Decisions first, organisation later
Which do you think should come first: the definition of the task to be carried out or the team to do the task? So what happens when an organisation needs to change: the top manager re-organises his senior team to prepare for the change. This seems to be putting the cart before the horse. Especially as the ‘new’ team have a new operational role to get to grips with before they can address the changes.
I propose that the key decisions needed to set up a change initiative are identified and then the appropriate leadership team are appointed to make those decisions.
The development of the design of a change is an iterative process of adding more detail onto a structure. The basic structure is usually a business case which summarises what, why, where, when and how. At each stage decisions are made about the detail which eventually lead to implementation and benefits. To make the best decisions the right people need to be involved and they need to access all relevant information (most of which is in the heads of the right people).
I am promoting the idea that decision making is a missing skill from change management practice. Earlier blogs have touched on making decisions work and quick, effective decision making. The idea for this post is derived from an article in the June edition of the Harvard Business Review by Marcia W. Blenko, Michael C. Mankins, and Paul Rogers called The Decision-Driven Organization. In this article the authors identify the propensity of a CEO to re-organise the business ahead of significant changes; whereas the better strategy is to determine the change needs by examining the decisions that have to be made — then organise to make those decisions by the right people at the right level. The same should happen when setting up a change initiative.
What are the first decisions in a change?
It is not difficult to identify the initial decisions that need to be made for a new change initiative. Just look at the business case structure. What is harder is to determine is who needs to make those decisions (exactly who will be accountable for the decision and at the appropriate level to make it work), who needs to be involved, and what information is going to be required to make an informed decision. I note that most project and programme methods focus on getting a team in place before any decisions are made, yet they don’t link the team to the work of making those decisions.
Here is my suggestion for the first decisions.
Working clockwise from the top you can see that the people in the leadership team will have a big influence on getting these decisions made effectively and efficiently. To quote the authors of the HBR article “If you can align your organization’s structure with its decisions, then the structure will work better, and your company’s performance will improve.”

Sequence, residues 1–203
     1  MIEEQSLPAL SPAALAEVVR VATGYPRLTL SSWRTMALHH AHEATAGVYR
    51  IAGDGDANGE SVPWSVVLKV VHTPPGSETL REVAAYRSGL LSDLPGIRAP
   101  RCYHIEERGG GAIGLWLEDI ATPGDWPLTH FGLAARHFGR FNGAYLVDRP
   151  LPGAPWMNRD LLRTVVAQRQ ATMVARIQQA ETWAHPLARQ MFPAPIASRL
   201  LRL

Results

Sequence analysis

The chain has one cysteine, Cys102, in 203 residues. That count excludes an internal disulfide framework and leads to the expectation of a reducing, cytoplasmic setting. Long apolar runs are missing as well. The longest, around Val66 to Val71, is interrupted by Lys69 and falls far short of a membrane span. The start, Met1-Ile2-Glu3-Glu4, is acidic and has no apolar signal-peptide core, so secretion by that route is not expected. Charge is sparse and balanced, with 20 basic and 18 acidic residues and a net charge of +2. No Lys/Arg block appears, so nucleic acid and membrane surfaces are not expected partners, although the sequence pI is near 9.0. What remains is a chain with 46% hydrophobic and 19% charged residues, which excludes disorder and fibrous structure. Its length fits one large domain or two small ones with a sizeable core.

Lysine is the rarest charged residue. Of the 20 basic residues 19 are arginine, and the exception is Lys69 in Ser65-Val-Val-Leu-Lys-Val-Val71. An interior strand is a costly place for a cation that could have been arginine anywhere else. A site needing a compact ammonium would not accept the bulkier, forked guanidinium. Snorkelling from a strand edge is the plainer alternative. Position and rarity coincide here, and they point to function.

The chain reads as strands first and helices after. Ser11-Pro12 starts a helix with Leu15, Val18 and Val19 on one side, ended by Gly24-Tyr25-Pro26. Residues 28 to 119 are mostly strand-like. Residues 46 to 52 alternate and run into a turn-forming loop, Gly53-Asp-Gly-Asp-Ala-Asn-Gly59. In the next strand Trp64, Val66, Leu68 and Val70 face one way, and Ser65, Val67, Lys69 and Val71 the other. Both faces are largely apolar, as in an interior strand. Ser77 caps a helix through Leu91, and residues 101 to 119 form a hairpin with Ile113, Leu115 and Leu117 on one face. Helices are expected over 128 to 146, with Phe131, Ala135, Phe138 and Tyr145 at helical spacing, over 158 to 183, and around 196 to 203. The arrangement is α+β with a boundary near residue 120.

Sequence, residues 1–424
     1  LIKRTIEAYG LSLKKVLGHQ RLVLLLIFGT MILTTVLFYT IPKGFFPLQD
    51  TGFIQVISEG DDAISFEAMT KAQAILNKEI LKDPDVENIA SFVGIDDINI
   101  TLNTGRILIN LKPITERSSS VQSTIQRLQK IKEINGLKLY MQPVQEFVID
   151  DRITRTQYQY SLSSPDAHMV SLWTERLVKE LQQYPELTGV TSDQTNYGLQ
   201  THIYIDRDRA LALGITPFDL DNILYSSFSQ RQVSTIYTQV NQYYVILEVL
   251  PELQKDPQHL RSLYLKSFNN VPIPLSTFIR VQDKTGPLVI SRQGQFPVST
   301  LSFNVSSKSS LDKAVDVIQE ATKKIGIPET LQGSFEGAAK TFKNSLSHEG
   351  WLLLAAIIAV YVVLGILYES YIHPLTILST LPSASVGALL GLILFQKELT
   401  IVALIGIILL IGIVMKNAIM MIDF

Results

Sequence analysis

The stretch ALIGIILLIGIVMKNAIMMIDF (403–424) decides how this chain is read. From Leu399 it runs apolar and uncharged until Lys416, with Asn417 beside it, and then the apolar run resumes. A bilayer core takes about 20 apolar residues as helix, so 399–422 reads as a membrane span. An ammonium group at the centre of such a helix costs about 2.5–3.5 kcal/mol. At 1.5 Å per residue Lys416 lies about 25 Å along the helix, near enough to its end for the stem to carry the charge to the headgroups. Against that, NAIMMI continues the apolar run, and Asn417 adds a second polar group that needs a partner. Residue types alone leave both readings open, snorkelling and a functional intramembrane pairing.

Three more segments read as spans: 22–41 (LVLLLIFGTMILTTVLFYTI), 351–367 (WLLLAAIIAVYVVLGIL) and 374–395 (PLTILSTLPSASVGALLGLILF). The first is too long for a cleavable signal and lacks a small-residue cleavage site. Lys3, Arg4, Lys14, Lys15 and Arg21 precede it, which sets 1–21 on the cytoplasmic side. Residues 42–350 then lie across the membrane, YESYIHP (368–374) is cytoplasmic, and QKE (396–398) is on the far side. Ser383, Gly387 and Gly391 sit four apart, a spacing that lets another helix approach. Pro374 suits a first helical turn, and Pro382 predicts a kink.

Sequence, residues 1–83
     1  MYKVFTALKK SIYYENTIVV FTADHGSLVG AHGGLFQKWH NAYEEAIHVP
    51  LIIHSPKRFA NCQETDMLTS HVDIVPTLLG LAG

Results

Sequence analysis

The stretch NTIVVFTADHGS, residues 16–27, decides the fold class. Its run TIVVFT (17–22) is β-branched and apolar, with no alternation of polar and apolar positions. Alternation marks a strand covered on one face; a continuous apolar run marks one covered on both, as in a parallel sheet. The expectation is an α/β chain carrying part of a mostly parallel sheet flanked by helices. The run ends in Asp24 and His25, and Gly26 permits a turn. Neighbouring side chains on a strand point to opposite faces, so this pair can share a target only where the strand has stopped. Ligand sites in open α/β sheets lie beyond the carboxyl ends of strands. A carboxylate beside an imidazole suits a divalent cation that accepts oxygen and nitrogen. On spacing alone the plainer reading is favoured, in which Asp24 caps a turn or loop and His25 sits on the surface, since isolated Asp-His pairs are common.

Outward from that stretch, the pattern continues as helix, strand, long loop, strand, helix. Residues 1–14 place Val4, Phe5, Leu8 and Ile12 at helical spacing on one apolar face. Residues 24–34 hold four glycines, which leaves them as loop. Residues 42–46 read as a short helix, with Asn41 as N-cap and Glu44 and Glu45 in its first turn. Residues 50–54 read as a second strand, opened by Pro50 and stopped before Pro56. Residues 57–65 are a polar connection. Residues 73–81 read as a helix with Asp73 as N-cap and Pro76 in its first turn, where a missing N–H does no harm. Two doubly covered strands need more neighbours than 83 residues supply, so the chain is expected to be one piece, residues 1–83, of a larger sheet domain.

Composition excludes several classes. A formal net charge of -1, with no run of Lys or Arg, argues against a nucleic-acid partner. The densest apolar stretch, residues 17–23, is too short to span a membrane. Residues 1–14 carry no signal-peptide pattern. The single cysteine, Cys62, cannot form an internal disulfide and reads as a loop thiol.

The authors also discuss their research on decision making and demonstrate a strong correlation between an organisation’s decision making capability and it’s financial performance whilst they find no correlation between performance and organisation (i.e. changing the organisation does not materially affect financial performance).
The assessment of decision capability used 4 measures: “decision quality (whether decisions proved to be right more often than not), speed (whether decisions were made faster or slower than competitors), yield (how well decisions were translated into action), and effort (the time, trouble, and expense required for each key decision).” Lets see what these might mean for change.
Assessing whether a decision is right or not requires the decision makers to set out testable criteria for success of a decision (which should be part of the framework for making the decision). Then, very important this, each decision is reviewed later to see how the results match the criteria. I admit that this level of reflection is unusual in most organisations; but it is explicitly included in quality for programme management.
In a change, keeping up with the competition is not so important. Making the decision at the right time is more important. Make the decision too early and you may not yet have access to critical information; make the decision too late and the effort is wasted. One of the lessons from big science discussed timely decision making.
This might be also called impact. How does the action resulting from the decision impact on the change; or what is the amount (value, benefits) of the change affected by this decision. Understanding the scope and impact of a decision can help to focus resources and establish a priority for investment.
This is the cost of making the decision. The time and resources used to collect the information needed, the meetings to discuss and manage the decision. The time spent by the decision maker in preparing, documenting and eventually making the decision. Understanding how much effort a good decision takes will help prepare for future good decisions.